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CHARLOTTE, North Carolina (CNN) — North Carolina’s “bathroom bill” just cost the state 400 future jobs.

PayPal has canceled its plans to open a new global operations center in Charlotte, following passage of a North Carolina law that prevents cities from creating non-discrimination policies based on gender identity.

The measure also mandates that students in state schools use the bathroom that corresponds with their gender when they were born.

On March 23, North Carolina, in an emergency session, passed the controversial Public Facilities Privacy & Security Act.

Critics including about 100 companies have blasted the law for excluding gays and transgender people from legal protections.

As a result, PayPal says it will no longer open its facility in Charlotte, which was expected to employ 400 people. PayPal had announced its plans to open the operations center only two weeks ago.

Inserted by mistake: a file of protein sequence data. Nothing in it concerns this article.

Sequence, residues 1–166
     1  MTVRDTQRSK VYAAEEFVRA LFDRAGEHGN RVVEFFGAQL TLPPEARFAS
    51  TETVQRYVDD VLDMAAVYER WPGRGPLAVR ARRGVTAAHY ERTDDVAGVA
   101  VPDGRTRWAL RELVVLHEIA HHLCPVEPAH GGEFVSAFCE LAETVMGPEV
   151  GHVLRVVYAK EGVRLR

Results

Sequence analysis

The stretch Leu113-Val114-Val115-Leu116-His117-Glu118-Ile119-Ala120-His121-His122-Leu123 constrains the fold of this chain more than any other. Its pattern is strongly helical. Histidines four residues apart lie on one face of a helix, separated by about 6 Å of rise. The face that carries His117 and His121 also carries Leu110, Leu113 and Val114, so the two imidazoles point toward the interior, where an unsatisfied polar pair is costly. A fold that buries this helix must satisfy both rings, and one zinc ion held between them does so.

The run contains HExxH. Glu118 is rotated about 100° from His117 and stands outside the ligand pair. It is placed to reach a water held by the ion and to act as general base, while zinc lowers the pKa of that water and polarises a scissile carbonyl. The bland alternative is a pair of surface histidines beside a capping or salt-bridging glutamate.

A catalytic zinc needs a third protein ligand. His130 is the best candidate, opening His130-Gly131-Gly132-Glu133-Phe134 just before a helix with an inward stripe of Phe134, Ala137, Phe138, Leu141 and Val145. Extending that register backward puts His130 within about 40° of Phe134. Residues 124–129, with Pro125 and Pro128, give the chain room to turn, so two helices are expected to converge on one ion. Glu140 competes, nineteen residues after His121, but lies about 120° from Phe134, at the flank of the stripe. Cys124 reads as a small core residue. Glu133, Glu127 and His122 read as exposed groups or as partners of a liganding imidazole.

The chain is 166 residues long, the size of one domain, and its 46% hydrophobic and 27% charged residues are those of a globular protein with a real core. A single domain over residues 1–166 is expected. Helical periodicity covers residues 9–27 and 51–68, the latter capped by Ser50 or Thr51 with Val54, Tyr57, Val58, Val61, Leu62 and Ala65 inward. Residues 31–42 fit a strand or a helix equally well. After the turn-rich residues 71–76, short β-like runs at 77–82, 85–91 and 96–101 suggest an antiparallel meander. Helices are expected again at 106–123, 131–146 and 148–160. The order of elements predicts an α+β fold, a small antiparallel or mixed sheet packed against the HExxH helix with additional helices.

“Becoming an employer in North Carolina, where members of our teams will not have equal rights under the law, is simply untenable,” PayPal CEO Dan Schulman said in a statement. “The new law perpetuates discrimination and it violates the values and principles that are at the core of PayPal’s mission and culture.”

PayPal is known to be a supporter of LGBT rights. It is one of a small handful of companies that earned a 100% ranking on the Human Rights Campaign Foundation’s 2016 Corporate Equality Index, a national report on corporate policies related to LGBT workplace equality.

The company said its decision not to build its Charlotte facility “reflects PayPal’s deepest values and our strong belief that every person has the right to be treated equally, and with dignity and respect.”

Schulman called PayPal’s reversal “clear and unambiguous.” While the company looks for an alternative location for its operations center, he said PayPal will work to help overturn the discriminatory law.

“We will stand firm in our commitment to equality and inclusion and our conviction that we can make a difference by living and acting on our values,” Schulman said. “It’s the right thing to do for our employees, our customers, and our communities.”